Along with Sebago Rescue Deputy Chief Mike Foye we were guests at the Windham Rotary Club's weekly meeting on Thursday, December 8. The group filled the upper floor of Charlie Beiggs' restaurant in Windham. Club President Toby Pennels invited us to join them for lunch and said that the presentation was scheduled to take place after we ate. I was seated between club members George Bartlett and Dr. Jeffrey Martin, who were both eager to tell me about Rotary and the community service projects that they are working on.
"The Windham Rotary Club has been around since 1982," Martin said. "We have between 35 and 40 members, and are actively involved in a number of local and international projects." The Rotary organization is 100-years old and members are challenged to meet the "Service above self" motto through activities to serve their local communities, international service, club service and vocational service.
Martin is active with "Partners for Rural Health in the Dominican Republic". For the last ten years the Windham Rotary has been supporting the University of Southern Maine College of Nursing in their efforts to provide nursing, medical and community health services to rural village in the Dominican Republic. He talked about the donation of medical equipment and supplies that he had helped broker for the project, and was enthusiastic at the good things that are being done there. He even talked me into buying some organically grown Dominican Republic coffee that he had brought to the meeting to sell. Bartlett is a Rotary Interact Advisor and is a passionate supporter of an international service project to Rumania, helping to provide medical equipment to hospitals in the Ramnucu Valche area. He first traveled to Rumania in 1997 under a Rotary Carl Miller Discovery Grant and has been active since then. Through the Windham Rotary Club more than $1 million in used but serviceable and very needed medical equipment has been shipped to Rumania. Bartlett is also active in the Interact Club at the Windham High School and in arranging for exchange visits of students to and from other countries to Maine.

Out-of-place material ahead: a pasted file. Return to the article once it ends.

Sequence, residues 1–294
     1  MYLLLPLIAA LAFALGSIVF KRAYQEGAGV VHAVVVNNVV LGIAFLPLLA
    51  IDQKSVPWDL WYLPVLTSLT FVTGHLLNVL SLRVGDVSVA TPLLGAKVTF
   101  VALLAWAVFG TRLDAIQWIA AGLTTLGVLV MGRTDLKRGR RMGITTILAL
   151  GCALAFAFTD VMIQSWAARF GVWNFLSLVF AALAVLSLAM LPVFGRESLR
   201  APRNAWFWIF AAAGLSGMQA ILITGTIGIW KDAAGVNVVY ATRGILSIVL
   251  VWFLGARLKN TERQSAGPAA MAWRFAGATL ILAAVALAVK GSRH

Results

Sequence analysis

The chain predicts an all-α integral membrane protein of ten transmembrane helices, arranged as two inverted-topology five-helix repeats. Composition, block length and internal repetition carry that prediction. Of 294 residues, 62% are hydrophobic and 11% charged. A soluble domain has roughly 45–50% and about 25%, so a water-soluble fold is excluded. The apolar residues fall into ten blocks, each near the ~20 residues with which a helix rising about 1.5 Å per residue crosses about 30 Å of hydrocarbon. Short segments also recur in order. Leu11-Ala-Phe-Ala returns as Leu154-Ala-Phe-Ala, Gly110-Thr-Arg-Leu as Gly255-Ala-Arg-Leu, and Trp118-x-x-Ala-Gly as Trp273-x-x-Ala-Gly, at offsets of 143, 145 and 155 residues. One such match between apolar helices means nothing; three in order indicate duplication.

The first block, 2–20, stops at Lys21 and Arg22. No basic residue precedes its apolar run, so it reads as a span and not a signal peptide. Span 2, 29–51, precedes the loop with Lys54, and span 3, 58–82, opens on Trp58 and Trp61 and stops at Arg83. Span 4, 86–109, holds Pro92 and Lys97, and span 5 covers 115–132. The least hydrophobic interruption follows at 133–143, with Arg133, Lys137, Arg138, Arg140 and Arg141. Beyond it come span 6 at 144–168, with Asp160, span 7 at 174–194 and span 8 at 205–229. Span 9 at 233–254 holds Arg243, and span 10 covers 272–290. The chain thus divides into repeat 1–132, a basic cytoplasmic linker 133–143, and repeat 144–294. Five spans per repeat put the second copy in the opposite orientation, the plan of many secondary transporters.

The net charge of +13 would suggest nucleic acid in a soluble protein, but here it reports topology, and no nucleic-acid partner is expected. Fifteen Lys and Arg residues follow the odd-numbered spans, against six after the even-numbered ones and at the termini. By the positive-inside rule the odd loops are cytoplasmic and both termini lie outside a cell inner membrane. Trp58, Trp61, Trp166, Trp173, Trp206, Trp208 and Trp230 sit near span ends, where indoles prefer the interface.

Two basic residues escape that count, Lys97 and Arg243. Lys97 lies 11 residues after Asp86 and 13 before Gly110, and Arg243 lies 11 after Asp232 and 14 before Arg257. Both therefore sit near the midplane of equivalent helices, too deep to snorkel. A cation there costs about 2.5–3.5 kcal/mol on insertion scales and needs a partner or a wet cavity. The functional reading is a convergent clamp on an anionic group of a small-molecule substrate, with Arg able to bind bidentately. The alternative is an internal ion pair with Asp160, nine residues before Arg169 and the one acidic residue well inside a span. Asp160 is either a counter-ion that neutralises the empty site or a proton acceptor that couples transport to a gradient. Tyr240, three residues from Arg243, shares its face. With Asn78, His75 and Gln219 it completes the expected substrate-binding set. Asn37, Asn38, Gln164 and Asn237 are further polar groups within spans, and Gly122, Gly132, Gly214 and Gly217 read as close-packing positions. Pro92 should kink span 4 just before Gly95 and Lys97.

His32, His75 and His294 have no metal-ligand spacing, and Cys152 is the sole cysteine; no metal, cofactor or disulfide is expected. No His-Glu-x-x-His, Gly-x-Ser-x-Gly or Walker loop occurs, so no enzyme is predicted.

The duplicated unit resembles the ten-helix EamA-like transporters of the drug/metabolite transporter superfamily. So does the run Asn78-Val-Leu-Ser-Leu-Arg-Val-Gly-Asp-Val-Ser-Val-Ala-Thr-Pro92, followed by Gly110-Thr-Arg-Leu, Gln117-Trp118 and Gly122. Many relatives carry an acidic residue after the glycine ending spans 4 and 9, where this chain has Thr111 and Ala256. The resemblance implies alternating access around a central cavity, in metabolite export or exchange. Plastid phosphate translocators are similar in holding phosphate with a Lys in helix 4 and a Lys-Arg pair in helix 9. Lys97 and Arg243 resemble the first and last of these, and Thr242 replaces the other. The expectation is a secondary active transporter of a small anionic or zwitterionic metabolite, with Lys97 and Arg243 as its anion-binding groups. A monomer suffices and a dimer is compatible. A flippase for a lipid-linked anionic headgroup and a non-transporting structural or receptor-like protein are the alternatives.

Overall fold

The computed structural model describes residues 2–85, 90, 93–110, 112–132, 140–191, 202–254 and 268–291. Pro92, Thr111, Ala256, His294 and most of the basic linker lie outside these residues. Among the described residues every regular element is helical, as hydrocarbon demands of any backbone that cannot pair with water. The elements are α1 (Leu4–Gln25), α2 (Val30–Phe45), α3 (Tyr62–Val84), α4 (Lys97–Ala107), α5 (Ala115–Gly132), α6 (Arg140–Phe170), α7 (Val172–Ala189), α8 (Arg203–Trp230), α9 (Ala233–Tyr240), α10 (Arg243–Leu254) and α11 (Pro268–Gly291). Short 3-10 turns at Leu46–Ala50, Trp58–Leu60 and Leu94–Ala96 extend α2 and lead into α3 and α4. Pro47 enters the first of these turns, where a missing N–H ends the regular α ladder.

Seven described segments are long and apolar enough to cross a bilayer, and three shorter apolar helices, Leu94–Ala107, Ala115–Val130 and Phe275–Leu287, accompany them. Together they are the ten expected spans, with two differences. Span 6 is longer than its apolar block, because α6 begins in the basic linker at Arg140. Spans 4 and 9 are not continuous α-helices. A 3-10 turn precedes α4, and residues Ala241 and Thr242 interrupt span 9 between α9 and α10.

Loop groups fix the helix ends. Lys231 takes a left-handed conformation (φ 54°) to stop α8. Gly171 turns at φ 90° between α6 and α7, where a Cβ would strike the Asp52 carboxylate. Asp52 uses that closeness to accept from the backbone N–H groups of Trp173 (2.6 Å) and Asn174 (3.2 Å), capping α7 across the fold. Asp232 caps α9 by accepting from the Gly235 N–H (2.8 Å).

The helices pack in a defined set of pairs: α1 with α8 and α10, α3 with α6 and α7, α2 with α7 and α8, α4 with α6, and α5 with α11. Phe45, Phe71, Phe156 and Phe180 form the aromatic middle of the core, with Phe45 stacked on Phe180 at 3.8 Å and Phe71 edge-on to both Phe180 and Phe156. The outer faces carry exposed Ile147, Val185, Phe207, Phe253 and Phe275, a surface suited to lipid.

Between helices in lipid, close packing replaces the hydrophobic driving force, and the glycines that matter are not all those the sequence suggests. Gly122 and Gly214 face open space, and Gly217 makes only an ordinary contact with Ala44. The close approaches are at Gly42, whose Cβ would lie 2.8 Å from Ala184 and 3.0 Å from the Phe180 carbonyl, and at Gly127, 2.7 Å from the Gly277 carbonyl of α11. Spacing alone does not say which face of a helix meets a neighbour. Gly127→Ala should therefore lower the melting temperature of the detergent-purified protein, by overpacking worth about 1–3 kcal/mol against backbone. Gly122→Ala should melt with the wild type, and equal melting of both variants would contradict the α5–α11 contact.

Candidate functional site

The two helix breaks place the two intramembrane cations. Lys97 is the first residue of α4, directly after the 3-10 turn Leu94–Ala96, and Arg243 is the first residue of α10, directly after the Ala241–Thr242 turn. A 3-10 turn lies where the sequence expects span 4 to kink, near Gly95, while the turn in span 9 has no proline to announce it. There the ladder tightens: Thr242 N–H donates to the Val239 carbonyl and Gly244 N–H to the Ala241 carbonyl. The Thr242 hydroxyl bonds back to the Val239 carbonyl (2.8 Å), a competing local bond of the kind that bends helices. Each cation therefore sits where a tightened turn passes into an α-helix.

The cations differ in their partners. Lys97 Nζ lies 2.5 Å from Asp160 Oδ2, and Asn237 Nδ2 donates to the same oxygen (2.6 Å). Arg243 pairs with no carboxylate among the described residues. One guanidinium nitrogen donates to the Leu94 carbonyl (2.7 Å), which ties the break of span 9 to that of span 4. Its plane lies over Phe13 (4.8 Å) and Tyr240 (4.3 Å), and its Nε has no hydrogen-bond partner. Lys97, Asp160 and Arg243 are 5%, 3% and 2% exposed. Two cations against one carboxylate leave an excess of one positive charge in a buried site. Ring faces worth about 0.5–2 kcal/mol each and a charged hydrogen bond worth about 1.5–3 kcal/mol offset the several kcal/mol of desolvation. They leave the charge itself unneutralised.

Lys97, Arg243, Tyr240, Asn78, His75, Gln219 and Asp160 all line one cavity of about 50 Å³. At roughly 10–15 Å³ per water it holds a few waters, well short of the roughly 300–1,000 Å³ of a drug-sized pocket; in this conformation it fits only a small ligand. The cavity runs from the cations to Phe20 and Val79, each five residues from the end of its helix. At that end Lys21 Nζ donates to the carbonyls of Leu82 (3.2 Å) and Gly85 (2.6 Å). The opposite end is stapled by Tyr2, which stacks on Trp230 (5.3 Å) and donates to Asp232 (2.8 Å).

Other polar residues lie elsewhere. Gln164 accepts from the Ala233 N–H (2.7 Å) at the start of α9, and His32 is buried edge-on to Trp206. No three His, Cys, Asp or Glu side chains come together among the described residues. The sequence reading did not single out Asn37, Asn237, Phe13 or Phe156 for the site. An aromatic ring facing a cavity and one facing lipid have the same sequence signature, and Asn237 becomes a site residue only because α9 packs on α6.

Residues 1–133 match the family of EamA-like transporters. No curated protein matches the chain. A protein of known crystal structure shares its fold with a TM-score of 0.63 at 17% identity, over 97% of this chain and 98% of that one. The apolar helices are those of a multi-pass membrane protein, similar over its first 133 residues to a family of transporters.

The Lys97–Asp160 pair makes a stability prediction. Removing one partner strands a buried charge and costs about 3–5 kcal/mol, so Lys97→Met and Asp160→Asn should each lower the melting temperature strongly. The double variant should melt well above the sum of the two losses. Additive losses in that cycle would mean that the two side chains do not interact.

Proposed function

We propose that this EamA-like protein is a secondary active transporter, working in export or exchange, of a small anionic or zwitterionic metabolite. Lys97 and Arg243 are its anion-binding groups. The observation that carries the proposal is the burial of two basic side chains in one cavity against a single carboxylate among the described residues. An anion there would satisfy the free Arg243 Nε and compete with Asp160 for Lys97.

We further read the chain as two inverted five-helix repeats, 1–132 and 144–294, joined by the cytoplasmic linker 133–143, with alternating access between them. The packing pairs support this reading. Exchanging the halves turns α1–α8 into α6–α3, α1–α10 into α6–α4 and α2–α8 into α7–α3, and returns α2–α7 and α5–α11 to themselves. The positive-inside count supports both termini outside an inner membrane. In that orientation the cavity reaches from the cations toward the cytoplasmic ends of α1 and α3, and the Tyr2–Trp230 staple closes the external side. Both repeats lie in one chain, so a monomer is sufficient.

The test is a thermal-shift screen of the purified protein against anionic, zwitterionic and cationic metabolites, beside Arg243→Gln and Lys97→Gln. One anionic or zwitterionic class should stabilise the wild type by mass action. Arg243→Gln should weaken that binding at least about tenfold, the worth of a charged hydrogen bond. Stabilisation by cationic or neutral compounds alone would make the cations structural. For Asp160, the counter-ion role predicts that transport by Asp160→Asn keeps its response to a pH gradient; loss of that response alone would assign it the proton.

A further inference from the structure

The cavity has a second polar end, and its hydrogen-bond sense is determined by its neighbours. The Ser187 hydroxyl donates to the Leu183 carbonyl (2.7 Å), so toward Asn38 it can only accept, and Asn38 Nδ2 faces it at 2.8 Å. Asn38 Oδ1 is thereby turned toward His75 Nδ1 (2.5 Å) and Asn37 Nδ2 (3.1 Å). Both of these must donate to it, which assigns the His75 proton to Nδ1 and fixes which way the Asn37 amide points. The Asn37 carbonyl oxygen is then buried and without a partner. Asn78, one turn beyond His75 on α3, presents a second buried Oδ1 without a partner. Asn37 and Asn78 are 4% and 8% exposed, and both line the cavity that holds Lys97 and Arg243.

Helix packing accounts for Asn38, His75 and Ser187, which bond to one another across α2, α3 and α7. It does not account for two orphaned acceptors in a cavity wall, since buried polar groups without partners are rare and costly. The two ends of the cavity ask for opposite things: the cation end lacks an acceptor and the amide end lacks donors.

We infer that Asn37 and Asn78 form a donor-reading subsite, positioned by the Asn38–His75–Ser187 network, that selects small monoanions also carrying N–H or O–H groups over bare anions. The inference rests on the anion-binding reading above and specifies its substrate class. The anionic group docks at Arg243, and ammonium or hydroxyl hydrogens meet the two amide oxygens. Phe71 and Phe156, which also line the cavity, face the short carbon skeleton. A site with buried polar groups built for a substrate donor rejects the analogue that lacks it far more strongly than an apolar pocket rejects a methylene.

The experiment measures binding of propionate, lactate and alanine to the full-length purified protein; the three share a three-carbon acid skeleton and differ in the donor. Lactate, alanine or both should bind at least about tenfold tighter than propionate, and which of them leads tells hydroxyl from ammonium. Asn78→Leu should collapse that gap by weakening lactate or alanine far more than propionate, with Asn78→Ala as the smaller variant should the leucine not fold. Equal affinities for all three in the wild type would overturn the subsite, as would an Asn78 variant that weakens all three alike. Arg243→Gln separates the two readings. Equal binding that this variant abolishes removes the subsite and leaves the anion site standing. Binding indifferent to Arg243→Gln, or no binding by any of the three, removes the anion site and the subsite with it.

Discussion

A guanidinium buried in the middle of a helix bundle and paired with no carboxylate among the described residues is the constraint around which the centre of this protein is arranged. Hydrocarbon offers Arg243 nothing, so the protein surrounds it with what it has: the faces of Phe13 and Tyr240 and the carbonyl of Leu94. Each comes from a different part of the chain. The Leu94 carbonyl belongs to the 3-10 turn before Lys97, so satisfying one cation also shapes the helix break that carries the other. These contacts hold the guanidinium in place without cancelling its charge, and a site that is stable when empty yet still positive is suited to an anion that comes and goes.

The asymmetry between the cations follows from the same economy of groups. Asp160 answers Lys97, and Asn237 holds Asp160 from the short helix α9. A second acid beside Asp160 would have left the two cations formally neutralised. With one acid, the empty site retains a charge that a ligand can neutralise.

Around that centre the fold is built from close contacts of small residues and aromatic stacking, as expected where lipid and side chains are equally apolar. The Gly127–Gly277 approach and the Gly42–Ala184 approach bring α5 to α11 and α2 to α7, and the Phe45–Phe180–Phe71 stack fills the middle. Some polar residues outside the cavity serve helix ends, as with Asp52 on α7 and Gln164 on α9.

The Windham Rotary Club sponsors the Sebago Lake Rotary Derby Fest, the third largest ice fishing derby in the United States. More than twelve thousand people will take part in the February 24 - 26 Derby, enjoying winter in Maine and helping the Rotary raise money for several programs including, among others, Camp Sunshine, Maine's Children Cancer, the Paul Harris Fellowship, and the fishery programs of the Maine Department of Inland Fisheries and Wildlife.
In their community service outreach, Rotary clubs place particular emphasis on helping children and others most in need of assistance. The grant to Sebago Rescue for the pediatric trauma kit is a perfect fit, and it was with obvious pleasure that president Pennels presented the kit to Foye and Smith. The bulky blue bag was emblazoned with "Sebago Lake Rotary Club" as a reminder of how two public service organizations can work together to help their fellow citizens.
"We really appreciate this grant," Foye said. "This pediatric trauma kit is a valuable addition to Sebago Rescue's emergency equipment and the generosity of the Windham Rotary Club will enhance our capabilities to provide emergency care to children in the Lakes Region."
Last updated December 15, 2005
Copyright © 2005, Allen Crabtree
Copyright © 2005, Allen Crabtree